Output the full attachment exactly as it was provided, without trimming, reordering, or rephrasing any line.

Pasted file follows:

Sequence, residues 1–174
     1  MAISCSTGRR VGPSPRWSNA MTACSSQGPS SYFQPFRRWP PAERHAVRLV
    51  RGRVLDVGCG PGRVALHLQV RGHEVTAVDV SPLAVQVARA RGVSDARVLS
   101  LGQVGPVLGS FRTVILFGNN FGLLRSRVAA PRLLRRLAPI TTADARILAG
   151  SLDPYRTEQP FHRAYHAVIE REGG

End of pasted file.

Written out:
Sequence, residues 1–174
     1  MAISCSTGRR VGPSPRWSNA MTACSSQGPS SYFQPFRRWP PAERHAVRLV
    51  RGRVLDVGCG PGRVALHLQV RGHEVTAVDV SPLAVQVARA RGVSDARVLS
   101  LGQVGPVLGS FRTVILFGNN FGLLRSRVAA PRLLRRLAPI TTADARILAG
   151  SLDPYRTEQP FHRAYHAVIE REGG